Crude oil and natural gas prices also impact the economic health and behavior of global adversaries like Russia and China. Russia is one of the top three largest oil and natural gas producers in the world. According to the Russian Ministry of Finance, oil and natural gas export revenues constituted 36% of their total federal revenues in 2021. That amounts to over 9 trillion rubles or $121 billion in 2021 alone. Russia sold 48% of its oil and 72% of its natural gas production to European countries.

By contrast, in 2021, America bought only 1% of Russia’s crude oil and none of their natural gas in 2021. 1% doesn’t sound like much but it does amount to 245 million barrels and over $16 billion in revenue to Russia (@$65/barrel average). But our imports of Russian crude are only a small part of the story.

The real story of how Putin financed his war on Ukraine is about the rapidly rising price of crude oil and natural gas over the past several years. If the market price of oil and natural gas had remained relatively stable, Russia would only have made modest profits on its fossil fuel exports. As prices rose, Putin began making a killing and is using those windfalls to build and maintain his war machine.

Russia’s total cost (excluding taxes) of crude oil production is estimated to be between $32 and $44 per barrel. In 2019, the average price for crude was about $60 per barrel. Assuming a production cost of say $40 per barrel, Russia earned a profit of $20 per barrel. But when the average price reached $100 per barrel, their profits triple to $60 per barrel. For reference, Russia’s baseline oil production rose to 11.5 million barrels per day in 2021 and they exported 4.7 million barrels per day.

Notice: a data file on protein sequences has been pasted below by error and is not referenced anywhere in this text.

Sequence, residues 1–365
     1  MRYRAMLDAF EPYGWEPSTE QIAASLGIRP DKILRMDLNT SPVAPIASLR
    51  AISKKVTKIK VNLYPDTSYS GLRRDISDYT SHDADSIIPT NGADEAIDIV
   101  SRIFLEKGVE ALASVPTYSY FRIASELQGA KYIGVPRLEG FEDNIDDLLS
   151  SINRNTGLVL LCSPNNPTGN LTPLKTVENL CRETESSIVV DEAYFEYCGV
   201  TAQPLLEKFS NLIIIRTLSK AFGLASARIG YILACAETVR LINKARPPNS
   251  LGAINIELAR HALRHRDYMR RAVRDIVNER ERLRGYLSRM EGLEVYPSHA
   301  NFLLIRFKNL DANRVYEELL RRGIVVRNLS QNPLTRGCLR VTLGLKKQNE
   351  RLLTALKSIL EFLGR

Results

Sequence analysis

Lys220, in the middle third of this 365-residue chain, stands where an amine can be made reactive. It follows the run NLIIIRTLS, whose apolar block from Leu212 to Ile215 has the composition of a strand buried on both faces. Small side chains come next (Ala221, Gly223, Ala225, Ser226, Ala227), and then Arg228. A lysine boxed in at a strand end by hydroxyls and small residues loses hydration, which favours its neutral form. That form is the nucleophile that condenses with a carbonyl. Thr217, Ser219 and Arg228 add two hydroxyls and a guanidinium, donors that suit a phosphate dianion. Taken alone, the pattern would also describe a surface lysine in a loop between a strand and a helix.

This translates to a total of 1.7 billion barrels exported in 2021 alone (4.7 x 365). A reasonable crude oil price of $60 per barrel and a profit of $20 per barrel nets Russia $34 billion per year. When crude is over $100 as it is today, Russia makes $60 a barrel and a whopping $102 billion per year! That’s a $68 billion windfall ($102-$34), simply because the US allowed the market price of crude to become artificially and unnecessarily high.

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September 11 Victims Want the US to Seize and Sell Iranian Oil

Families of victims of the September 11th attacks have asked the US government to seize Iranian oil that might be on a US-owned ship in Asia.

Even though Iran had nothing to do with the September 11th attacks, a US court has ordered Tehran to pay out more than $3 billion to the families of 9/11 victims. The ruling doesn’t make much sense since nobody has ever seriously accused Iran of being behind the attacks.

But the families are still seeking the money, and since Iran would never voluntarily pay, they are asking the US to seize and sell the Iranian oil.

The oil tanker Suez Rajan is under federal investigation for allegedly carrying oil placed on the ship by the National Iranian Oil Co. and the National Iranian Tanker Corp, which are both under US sanctions. The 9/11 families submitted a court filing on Thursday night asking for the oil to be taken.

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America last: Biden is selling 1/3 of oil reserves he’s releasing to China and India

The Biden administration is releasing 50 million barrels of oil from the nation’s Strategic Petroleum Reserve to lower gas prices.

Because, they say, we cannot be vulnerable to volatile energy supplies.

There’s more to the story.

First, not all of those barrels are going to U.S. consumers. A total of 18 million are expected to be sold to China and India, according to Fox Business.

Energy Secretary Jennifer Granholm indicated Tuesday that the congressionally-approved sale of those 18 million barrels will help drive down U.S. oil prices, presumably by offsetting international oil shortages.